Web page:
Title page for ETD etd-08112009-145503


Type of Document Dissertation
Author Meng, Lingqi
URN etd-08112009-145503
Title The Indigenous Culture of School Mathematics in China and the United States: A Comparative Study of Teachers' Understanding of Constructivism
Degree Doctor of Philosophy (Ph.D.)
Department Educational Theory, Policy, & Practice
Advisory Committee
Advisor Name Title
Kirshner, David Committee Chair
Fleener, Jayne Committee Member
Kennedy, Eugene Committee Member
Ricks, Tom Committee Member
Watson, Edward Dean's Representative
Keywords
  • math reform
  • culture
  • constructivism
  • comparative study
Date of Defense 2009-07-06
Availability unrestricted
Abstract
This study aimed to explore how the indigenous (national) culture of teaching and learning mediates teachersí understandings of constructivism in China and the U.S. Thirty middle school math teachers who are self-identified with the mathematics teaching reform movement in each country participated in this study (NCTM 2000 Math Standards in the United States or the MOE 2001 Math Standards in China).

Both theoretical and empirical methods were adopted for this research. Theoretical analysis led to a new cultural model that helped select appropriate cultural elements for this study. Based on emergence theory, the new model perceives Confucianism and Taoism as the most influential beliefs and values in terms of teaching and learning in China, in contrast with Behaviorism and Individualism in the U.S.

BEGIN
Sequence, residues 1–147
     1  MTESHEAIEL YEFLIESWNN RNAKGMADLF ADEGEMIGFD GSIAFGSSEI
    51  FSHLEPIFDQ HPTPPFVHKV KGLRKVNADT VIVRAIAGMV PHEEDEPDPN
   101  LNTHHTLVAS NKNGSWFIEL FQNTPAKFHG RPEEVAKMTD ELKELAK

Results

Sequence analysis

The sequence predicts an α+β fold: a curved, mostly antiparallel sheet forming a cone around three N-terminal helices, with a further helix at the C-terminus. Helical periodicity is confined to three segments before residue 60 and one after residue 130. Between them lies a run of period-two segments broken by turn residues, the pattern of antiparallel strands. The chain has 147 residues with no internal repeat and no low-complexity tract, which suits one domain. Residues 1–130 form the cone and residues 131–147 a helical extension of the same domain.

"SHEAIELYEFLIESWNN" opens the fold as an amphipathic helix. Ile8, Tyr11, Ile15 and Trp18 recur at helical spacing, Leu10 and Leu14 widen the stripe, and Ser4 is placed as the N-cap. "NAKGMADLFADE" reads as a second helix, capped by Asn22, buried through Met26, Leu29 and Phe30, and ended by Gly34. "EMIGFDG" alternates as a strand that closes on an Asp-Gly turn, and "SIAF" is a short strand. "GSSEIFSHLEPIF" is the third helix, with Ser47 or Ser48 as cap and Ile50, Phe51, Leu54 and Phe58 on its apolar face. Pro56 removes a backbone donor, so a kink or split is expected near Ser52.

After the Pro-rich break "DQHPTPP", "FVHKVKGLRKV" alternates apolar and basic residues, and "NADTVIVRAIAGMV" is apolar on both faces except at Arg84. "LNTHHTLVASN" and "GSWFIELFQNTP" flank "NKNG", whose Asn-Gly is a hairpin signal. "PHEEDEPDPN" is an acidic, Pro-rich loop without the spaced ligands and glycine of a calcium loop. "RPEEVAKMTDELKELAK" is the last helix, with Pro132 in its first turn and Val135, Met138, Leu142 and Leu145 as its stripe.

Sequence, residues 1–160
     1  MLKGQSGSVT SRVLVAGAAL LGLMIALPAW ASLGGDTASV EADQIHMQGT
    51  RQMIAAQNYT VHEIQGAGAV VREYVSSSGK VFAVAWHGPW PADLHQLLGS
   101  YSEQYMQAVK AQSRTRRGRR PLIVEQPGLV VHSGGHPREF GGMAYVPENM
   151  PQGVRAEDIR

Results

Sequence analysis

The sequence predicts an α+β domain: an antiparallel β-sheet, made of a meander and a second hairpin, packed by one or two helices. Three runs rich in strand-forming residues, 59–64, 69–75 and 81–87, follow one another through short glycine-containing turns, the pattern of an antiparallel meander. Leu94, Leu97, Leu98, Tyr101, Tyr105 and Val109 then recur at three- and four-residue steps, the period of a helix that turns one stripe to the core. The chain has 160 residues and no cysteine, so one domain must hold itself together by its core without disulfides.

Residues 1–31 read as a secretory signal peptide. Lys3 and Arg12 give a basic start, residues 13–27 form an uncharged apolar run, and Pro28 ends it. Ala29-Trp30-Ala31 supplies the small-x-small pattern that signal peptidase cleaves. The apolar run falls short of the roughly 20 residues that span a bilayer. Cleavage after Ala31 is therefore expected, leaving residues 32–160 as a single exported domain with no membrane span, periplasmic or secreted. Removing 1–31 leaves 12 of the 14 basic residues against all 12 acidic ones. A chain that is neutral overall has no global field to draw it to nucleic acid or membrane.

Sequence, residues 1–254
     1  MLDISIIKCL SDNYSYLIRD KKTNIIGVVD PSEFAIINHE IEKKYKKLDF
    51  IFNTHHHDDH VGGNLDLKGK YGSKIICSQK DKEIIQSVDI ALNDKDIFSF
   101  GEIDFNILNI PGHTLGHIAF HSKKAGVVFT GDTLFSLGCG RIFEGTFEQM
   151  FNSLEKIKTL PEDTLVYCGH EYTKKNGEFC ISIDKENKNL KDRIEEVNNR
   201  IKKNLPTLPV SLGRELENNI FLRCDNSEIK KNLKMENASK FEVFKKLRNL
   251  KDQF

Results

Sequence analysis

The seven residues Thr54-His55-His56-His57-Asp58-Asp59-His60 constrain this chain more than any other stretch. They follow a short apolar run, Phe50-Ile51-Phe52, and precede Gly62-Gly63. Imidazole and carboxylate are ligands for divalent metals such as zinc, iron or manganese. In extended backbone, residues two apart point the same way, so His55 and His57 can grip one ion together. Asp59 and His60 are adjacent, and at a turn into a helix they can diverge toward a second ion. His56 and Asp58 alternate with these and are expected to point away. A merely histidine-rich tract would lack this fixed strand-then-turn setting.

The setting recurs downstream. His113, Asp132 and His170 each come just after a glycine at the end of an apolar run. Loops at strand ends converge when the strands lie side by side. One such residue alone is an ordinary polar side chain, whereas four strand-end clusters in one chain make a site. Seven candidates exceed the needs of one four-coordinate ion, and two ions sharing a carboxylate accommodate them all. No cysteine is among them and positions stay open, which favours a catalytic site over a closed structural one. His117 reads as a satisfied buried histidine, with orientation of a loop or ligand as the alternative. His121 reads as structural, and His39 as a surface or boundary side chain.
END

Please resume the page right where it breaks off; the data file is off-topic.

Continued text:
This study revealed that the indigenous culture of China and U.S. greatly influenced teachersí understandings of teaching and learning. Chinese participants tended to advocate Eastern belief that math learning develops through mental struggle, and is facilitated by providing hints, whereas their American counterparts tended to have faith in the Western belief that properly sequenced instruction supplemented by general encouragement of students will lead to learning. However, in some cases teachersí responses defied the predictions of the cultural model. For instance Chinese and American teachers both tended to opt for the Eastern belief of creating pedagogical balance as opposed to the Western belief in choosing a single well-chosen method. The differences and commonalities between Chinese and American participantsí understandings of learning and teaching are thoroughly explored in this study. The key issue of transportability of recommended pedagogical practices across cultural boundaries is discussed in the Conclusions section.

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